Fussy eaters at home, is your family wasting food?
khaleejtimes -

How often has your little one looked at a plate of greens and groaned loudly? For most families, it has been far more than once.

Food waste disposal firm InSinkErator commissioned the research and discovered that parents serve 1,460 evening meals to their family during an average year, but end up throwing out the equivalent of over a quarter of those. The study discovered that's around 394 delicious plates of food going uneaten.

The same study surveyed 2,000 parents and found eight in 10 regularly end up throwing away at least part of their children's meals.

Forty-five per cent blame this on their little ones being fussy eaters with 57 per cent admitting they have put a meal in front of their child, only to have them completely refuse to eat it.

Why are kids picky eaters?

According to Janani Satchithanantham, a senior dietitian with Aster Hospital, Qusais, children have specific food preferences and it is up to the parents to make food attractive to the child. She explained: "Every kid's palate develops on their own time, just like their motor, speech and cognitive development. Think about it. Eating involves the three senses of taste, smell and touch."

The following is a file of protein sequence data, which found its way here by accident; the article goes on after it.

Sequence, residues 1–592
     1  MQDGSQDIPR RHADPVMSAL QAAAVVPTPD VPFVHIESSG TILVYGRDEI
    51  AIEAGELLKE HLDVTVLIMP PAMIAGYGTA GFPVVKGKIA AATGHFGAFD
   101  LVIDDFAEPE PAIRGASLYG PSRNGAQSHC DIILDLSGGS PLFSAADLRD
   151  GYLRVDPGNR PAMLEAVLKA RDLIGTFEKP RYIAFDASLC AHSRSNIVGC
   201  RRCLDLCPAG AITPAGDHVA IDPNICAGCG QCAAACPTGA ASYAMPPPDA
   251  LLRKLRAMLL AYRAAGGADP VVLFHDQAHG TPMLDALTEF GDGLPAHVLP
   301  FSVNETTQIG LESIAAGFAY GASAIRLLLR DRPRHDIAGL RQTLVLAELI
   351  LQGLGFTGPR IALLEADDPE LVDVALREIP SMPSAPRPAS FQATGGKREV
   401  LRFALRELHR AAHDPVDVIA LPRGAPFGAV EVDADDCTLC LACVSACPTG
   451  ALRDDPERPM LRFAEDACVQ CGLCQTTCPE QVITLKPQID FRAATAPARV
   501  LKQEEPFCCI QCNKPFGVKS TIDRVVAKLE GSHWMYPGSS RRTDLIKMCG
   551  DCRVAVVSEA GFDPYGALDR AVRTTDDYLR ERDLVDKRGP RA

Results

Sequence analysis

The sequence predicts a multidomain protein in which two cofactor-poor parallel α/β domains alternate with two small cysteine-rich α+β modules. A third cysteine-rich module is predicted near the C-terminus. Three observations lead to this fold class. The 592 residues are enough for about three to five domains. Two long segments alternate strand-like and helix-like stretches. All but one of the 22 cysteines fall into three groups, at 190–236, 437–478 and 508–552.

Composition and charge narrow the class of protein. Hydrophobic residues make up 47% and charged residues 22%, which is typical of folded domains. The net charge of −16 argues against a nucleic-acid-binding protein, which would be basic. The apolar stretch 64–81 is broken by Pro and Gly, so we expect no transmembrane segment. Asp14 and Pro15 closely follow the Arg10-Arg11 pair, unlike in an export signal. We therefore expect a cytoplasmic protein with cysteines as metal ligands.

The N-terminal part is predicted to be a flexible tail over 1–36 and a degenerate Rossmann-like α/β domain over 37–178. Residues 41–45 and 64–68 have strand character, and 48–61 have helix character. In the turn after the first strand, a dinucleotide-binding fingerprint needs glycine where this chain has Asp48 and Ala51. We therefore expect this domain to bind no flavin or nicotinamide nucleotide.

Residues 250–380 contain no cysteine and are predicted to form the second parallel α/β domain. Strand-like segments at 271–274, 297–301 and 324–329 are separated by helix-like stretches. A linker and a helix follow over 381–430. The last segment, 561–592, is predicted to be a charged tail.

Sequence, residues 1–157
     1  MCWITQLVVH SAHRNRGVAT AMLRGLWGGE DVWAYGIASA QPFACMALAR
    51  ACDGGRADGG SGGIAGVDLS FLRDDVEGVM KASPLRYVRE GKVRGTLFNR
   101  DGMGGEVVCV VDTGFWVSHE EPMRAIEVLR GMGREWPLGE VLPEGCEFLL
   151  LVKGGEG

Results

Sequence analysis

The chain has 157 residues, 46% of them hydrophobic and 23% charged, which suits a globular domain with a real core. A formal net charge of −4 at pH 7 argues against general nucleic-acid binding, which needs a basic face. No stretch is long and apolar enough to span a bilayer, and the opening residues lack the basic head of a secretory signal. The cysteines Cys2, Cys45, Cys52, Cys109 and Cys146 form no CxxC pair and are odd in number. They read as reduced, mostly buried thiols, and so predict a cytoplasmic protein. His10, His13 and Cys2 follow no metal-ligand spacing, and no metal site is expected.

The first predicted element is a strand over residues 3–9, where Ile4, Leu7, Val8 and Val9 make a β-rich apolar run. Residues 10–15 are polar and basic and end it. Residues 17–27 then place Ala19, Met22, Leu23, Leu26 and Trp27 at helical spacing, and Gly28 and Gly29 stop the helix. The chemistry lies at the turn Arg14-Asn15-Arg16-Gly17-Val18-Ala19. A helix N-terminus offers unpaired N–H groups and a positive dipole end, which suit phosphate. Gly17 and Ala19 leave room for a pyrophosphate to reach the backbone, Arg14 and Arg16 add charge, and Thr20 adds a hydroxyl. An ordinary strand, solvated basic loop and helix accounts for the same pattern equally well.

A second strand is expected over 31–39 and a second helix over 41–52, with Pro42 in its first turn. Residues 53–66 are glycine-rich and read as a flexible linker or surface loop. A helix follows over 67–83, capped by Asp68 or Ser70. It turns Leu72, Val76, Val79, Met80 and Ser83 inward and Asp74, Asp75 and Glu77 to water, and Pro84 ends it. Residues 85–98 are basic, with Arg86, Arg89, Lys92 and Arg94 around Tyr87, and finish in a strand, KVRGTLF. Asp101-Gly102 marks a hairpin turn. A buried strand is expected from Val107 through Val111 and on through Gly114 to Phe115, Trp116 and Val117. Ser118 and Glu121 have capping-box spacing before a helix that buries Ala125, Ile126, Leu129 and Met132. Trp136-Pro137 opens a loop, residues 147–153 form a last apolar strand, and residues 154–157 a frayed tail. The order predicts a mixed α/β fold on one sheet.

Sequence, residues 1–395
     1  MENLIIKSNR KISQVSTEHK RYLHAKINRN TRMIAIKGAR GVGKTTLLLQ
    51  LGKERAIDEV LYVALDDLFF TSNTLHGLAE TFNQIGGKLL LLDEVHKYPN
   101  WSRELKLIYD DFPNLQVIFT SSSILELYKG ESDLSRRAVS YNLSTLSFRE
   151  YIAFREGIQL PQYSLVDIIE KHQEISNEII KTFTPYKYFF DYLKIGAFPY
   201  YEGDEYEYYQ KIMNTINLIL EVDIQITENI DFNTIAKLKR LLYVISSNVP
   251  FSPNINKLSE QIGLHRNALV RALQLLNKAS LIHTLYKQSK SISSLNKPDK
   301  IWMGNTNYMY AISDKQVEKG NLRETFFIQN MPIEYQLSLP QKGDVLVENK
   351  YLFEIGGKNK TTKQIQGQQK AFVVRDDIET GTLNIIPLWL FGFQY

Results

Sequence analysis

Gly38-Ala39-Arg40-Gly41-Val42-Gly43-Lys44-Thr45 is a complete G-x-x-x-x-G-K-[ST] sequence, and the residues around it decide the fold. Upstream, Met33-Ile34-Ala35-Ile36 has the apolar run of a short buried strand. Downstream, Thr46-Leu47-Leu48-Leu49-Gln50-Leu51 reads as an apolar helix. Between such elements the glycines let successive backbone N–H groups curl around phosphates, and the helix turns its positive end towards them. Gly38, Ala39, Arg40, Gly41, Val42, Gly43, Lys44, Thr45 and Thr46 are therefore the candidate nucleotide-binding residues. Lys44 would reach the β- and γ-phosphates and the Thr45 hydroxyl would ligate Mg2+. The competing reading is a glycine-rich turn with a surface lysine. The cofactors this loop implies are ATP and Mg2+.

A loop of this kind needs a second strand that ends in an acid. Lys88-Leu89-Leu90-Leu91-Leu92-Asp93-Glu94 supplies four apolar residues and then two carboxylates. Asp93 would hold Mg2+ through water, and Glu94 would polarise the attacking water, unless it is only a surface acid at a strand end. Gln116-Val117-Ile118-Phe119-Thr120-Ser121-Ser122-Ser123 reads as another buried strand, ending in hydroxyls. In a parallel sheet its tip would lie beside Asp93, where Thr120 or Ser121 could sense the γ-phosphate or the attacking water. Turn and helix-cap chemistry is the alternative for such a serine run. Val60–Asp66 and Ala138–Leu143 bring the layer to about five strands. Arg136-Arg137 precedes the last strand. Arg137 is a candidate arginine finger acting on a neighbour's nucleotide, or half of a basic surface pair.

She said parents need to take the time to observe their child's food preferences over a period of time to provide them with the food that will meet their nutritional needs. "If you are worried that they aren't getting their nutritional needs met, observe your child's food intake over a week's time to understand their food choices, try and balance it through their favourite foods.

The doctor also warned parents who discard food. "When we discard food, we're also discarding a lot of healthy nutrients. Especially, the most perishable foods that we tend to throw away are vegetables, fruits and seafood."

Respect your child's appetite

Janani said: "Make it fun to learn and eat. Teach them about the major food groups and what they do for their body. Help them pick their favourite fruit. If they don't eat veggies, challenge them to find another way to get their vitamins. Make it into a fun game. Try and appreciate them when they complete a meal."

The dietician also said parents need to be patient with new foods. "You can use the 'try each thing once' rule, but don't worry if it doesn't work or try the same food after a couple of weeks. I find that the more pressure you put on them, the less likely they are to find it and appreciate it for themselves when they are ready," she explained.

Parents can try to hide veggies in their food, in the form of soups and stuffed parathas or bread and make it more attractive. However, the doctor insists that parents must not offer deserts as rewards.


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